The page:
The next step is to be clear about what you expect to see, as the person with authority to approve under the DOA, before you even consider a contract. A typical approval pack needs to confirm the following:

  • that specific checks have been carried out (ie. due diligence),
  • that the proposed contract complies with standard parameters (or, if it doesn’t, why it doesn’t),
  • that the contract has been approved by those below him or her in the chain of command.

This is usually accomplished by a contract approval pack which includes the documents below. The approval pack needs to identify the person submitting it (thereby creating accountability) and should set out the approvals required from those below the authoriser (for example, authorisation by the CEO should require prior approvals from CFO, COO, etc.), thereby creating further accountability.

A typical contract approval pack looks something like this:

  • Proposal document: this sets out the reasoning behind the proposal and the key elements of the deal. Included in the proposal (but can also be provided separately), is a due diligence report on the customer/supplier (where relevant), and a risk assessment in relation to the proposed deal (main risks, and how mitigated).
  • Commercials: this sets out the commercials, including the costs to be paid/absorbed by your company and any irrecoverable costs, ideally modelled against various scenarios.
  • Legal summary: this sets out the legal view of the contract, ideally calling out the differences to your company’s standard contract parameters.


  1. Create a legal baseline to increase efficiency

You need a set of standard contract parameters (possibly a different set for each contract type) because you are looking for differences to your legal standard. There are a number of reasons behind this. First, because managing against differences to a standard baseline consumes a lot less bandwidth. Second, because having standard parameters in place encourages everyone, particularly Sales, to stick within the parameters because an on-piste (as opposed to off-piste) contract is more likely to get through the approval process without awkward questions being asked. And third, most fundamentally, because your pricing (in particular if it’s a sales contract) needs to be based on your standard deal terms.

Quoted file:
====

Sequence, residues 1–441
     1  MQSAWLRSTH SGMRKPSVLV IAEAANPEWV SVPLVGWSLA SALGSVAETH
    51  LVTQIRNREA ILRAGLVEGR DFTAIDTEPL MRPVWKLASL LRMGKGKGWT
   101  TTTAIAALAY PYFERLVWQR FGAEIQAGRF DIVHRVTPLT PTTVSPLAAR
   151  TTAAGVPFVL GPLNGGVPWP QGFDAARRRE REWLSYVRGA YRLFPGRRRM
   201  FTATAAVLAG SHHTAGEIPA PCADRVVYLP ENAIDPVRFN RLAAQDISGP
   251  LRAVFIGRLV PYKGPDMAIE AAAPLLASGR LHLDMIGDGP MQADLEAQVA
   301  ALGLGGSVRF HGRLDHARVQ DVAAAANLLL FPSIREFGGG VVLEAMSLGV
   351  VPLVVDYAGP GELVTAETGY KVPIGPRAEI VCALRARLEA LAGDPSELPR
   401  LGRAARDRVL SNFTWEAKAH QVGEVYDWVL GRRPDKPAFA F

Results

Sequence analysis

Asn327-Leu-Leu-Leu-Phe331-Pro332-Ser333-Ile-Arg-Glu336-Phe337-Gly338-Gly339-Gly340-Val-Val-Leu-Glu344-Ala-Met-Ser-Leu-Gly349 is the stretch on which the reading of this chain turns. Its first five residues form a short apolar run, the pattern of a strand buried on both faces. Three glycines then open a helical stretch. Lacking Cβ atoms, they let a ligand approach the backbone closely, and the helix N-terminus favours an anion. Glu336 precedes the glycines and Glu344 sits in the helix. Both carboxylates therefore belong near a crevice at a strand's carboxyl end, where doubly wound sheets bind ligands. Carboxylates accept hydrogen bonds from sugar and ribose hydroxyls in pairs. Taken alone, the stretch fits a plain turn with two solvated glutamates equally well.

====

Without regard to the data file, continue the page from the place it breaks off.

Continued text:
If you’ve got a legal department in your company (and if it’s any good), the legal summary it provides will implicitly call out the differences to the legal baseline without the legal baseline being clearly articulated. They will know, by virtue of skill and experience, what the company baseline is and what market standard is, and they will usually just confine their comments to things that are anomalous and merit the attention of the decision-maker.

If you don’t have a legal department, then the simplest approach is to create a table which sets out in three columns the key legal positions, the justification for those positions (the preceding two columns being the rule and the reason for the rule), and the position in the contract-to-be-approved. Like all templates, you should expect it to be improved over time as the business gets more sophisticated.


As you can imagine, this just the bare bones, and there are a lot of other variables that need to be set if you are going to get to an optimal or near-optimal process. If you are interested in increasing the quality of your contracts, increasing the efficiency of the approval process, and providing clarity to the C-level and the Board, I can help.  You can contact me here.

Like all things, you need to think about process. With contracts, there are three simple steps.